Well done!

Sample Phrase: John is as cross as a bear
Pronounced: yAW:n A:r sOH: krO: s Il:k AH bA:

Now Talk Proper

View from the Labs

And so it goes through, Yiddish, Beche le Mar and Pidgin and a dozen other dialects. But there's no place for the Welsh - because as every American knows it's part of England. (It must be, because we're always being told Alan Cox "lives in England", see). And the Finns and Hungarians get half a page each.

As Charles Laughton's voice coach Garson Kanin writes in the foreword to the Manual: "Superficial theatrical clichés must be abruptly discarded - too often they tend to ridicule than represent."

Indeed, and there's no danger of that here. We'd like to post more excerpts, but with the international political situation so delicate right now, it could tip us over the brink.®

Security for virtualized datacentres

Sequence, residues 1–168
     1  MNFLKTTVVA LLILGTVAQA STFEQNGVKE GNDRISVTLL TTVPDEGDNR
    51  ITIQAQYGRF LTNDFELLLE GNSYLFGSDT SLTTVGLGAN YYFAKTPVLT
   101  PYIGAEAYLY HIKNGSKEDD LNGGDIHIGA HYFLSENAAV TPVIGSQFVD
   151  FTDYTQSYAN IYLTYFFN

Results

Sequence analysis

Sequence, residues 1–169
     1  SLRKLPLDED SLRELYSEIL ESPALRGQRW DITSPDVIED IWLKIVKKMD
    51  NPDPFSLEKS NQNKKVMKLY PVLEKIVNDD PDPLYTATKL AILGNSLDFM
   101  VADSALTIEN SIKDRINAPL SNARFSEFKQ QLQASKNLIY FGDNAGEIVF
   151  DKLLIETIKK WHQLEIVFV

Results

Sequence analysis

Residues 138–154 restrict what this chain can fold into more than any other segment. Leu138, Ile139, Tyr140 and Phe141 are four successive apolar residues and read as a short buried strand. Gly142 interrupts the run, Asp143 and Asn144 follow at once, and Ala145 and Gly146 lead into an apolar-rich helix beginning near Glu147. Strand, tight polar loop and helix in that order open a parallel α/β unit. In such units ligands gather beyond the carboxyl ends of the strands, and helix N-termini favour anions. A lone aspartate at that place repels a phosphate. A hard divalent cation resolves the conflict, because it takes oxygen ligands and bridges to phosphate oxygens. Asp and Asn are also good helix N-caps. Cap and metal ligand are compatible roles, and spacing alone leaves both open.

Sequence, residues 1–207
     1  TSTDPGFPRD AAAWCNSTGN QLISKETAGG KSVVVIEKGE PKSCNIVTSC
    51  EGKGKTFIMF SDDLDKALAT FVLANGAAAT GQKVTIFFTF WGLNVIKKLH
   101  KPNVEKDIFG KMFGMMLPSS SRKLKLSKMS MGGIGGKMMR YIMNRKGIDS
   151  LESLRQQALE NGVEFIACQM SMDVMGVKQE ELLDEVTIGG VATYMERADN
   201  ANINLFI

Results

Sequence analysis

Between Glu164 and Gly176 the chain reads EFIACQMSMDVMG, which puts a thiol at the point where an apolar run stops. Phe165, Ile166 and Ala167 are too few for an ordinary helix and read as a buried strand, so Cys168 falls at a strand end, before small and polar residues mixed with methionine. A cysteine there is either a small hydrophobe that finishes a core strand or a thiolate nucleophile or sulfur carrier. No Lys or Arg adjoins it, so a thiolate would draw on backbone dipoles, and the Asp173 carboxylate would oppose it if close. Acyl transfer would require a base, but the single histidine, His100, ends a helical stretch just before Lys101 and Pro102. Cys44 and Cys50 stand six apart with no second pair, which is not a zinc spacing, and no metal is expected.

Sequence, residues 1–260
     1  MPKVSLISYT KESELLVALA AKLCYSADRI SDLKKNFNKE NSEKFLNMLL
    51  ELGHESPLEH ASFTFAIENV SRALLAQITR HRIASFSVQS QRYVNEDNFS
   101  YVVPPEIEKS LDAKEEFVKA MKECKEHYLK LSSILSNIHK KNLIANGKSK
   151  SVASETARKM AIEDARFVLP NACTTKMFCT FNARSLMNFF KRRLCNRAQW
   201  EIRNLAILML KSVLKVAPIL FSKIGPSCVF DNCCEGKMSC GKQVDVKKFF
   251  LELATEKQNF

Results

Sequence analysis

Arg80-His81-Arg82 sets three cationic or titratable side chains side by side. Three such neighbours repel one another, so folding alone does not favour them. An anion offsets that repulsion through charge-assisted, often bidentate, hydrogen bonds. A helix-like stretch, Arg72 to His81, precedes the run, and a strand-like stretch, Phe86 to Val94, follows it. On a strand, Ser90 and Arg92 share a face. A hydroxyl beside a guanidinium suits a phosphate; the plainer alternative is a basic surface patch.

More from The Register

next story
Facebook's Zuckerberg in EBOLA VIRUS FIGHT: Billionaire battles bug
US Centers for Disease Control and Prevention contacted as site supremo coughs up
Space exploration is just so lame. NEW APPS are mankind's future
We feel obliged to point out the headline statement is total, utter cobblers
Down-under record: Australian gets $140k for pussy
'Tiffany' closes deal - 'it's more common to offer your wife', says agent
Internet finally ready to replace answering machine cassette tape
It's a simple message and I'm leaving out the whistles and bells
Win a year’s supply of chocolate (no tech knowledge required)
Over £200 worth of the good stuff up for grabs
FedEx helps deliver THOUSANDS of spam messages DIRECT to its Blighty customers